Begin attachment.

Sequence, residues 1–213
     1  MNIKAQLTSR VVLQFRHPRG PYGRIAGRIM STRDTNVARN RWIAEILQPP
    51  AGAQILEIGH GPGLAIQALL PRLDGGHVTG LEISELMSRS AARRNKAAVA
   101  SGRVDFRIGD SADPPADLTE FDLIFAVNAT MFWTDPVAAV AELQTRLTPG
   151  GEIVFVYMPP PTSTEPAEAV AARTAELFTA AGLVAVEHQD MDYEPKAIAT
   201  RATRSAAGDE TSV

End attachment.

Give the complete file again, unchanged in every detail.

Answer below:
Sequence, residues 1–213
     1  MNIKAQLTSR VVLQFRHPRG PYGRIAGRIM STRDTNVARN RWIAEILQPP
    51  AGAQILEIGH GPGLAIQALL PRLDGGHVTG LEISELMSRS AARRNKAAVA
   101  SGRVDFRIGD SADPPADLTE FDLIFAVNAT MFWTDPVAAV AELQTRLTPG
   151  GEIVFVYMPP PTSTEPAEAV AARTAELFTA AGLVAVEHQD MDYEPKAIAT
   201  RATRSAAGDE TSV